to create and use <i>Controller</i> objects using <a href="http://developer.apple.com/documentation/Cocoa/Conceptual/KeyValueObserving/">Key-Value Observing</a> and
 <a href="http://developer.apple.com/documentation/Cocoa/Conceptual/KeyValueCoding/">Key-Value Coding</a>.  In order to create accessors compatible with this, you
 must use <code><span>objc.accessor</span></code> to create an appropriate selector descriptor.</p>
-<h3><a href="#id14" name="categories">Categories</a></h3>
+<h3><a href="#id18">Categories</a></h3>
 <p>Objective-C has a mechanism for modularize a class definition, it is possible
 to add methods to an existing class in a separate compilation unit and even
 a separate library.  This mechanism is named categories and is used to enhance
 <p>To make it clear that <code><span>objc.Category</span></code> performs a special task the name in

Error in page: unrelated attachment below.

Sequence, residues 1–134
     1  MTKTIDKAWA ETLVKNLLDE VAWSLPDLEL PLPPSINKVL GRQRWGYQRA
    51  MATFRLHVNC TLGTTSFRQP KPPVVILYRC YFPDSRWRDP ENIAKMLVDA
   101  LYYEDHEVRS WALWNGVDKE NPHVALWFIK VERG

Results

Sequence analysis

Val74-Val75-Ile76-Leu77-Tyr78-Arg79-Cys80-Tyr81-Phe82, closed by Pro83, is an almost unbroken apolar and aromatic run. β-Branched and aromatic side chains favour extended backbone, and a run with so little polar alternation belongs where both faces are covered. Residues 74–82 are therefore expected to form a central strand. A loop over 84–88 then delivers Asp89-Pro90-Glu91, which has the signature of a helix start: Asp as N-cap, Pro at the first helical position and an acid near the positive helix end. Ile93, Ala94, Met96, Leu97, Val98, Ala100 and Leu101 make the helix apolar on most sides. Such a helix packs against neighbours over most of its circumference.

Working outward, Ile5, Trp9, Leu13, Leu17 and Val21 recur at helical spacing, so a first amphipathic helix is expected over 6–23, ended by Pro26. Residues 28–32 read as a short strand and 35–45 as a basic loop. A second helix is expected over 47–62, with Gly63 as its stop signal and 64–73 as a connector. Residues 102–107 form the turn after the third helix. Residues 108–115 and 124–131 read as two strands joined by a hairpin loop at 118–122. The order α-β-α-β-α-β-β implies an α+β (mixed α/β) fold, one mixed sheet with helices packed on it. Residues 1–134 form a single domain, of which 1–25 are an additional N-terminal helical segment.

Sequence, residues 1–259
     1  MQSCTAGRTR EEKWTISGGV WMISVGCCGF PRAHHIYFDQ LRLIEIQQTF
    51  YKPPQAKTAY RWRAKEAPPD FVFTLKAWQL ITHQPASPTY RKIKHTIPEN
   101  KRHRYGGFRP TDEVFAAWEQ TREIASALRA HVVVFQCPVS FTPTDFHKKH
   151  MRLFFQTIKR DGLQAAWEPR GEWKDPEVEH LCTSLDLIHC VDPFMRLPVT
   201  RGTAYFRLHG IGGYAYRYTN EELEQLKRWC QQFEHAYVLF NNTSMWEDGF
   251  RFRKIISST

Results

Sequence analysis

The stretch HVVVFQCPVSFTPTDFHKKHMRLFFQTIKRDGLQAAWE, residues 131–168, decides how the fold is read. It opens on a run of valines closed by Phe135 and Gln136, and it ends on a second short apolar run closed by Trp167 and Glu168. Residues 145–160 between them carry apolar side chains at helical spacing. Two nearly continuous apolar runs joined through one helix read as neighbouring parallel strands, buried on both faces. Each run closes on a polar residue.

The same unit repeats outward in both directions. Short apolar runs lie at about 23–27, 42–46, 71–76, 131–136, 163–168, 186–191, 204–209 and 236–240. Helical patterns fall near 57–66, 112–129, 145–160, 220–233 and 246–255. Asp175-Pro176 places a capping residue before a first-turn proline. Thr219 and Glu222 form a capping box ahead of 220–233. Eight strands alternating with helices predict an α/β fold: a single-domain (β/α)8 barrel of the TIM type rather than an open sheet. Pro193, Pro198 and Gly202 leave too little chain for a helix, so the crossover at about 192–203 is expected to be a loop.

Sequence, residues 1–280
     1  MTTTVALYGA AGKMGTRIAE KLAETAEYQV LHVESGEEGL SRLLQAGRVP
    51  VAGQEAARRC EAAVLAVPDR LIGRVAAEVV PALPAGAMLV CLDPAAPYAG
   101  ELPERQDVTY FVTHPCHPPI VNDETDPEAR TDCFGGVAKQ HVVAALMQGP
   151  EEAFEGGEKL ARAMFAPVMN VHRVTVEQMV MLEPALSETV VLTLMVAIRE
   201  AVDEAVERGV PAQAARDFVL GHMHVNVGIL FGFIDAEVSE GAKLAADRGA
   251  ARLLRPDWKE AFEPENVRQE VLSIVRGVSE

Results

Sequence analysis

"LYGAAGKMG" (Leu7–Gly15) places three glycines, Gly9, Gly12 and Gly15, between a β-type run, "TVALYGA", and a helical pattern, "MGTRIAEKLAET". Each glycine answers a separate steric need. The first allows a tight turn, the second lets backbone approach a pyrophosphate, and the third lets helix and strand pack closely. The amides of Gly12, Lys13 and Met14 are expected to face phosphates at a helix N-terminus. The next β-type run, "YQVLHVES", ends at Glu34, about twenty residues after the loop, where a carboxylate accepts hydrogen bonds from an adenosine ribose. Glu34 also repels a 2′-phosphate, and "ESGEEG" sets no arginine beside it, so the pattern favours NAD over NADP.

the class definition must be the same as the <code><span>__name__</span></code> of the argument
 to <code><span>objc.Category</span></code>.</p>
-<h2><a href="#id15" name="accessing-python-objects-from-objective-c">Accessing Python objects from Objective-C</a></h2>
+<h2><a href="#id19">Accessing Python objects from Objective-C</a></h2>
 <p>All Python objects can be accessed from Objective-C through proxy objects.
 Whenever a Python object crosses the line from Python to Objective-C a proxy
 object is created (of class <code><span>OC_PythonObject</span></code>, a subclass of <code><span>NSProxy</span></code>).
 </ul>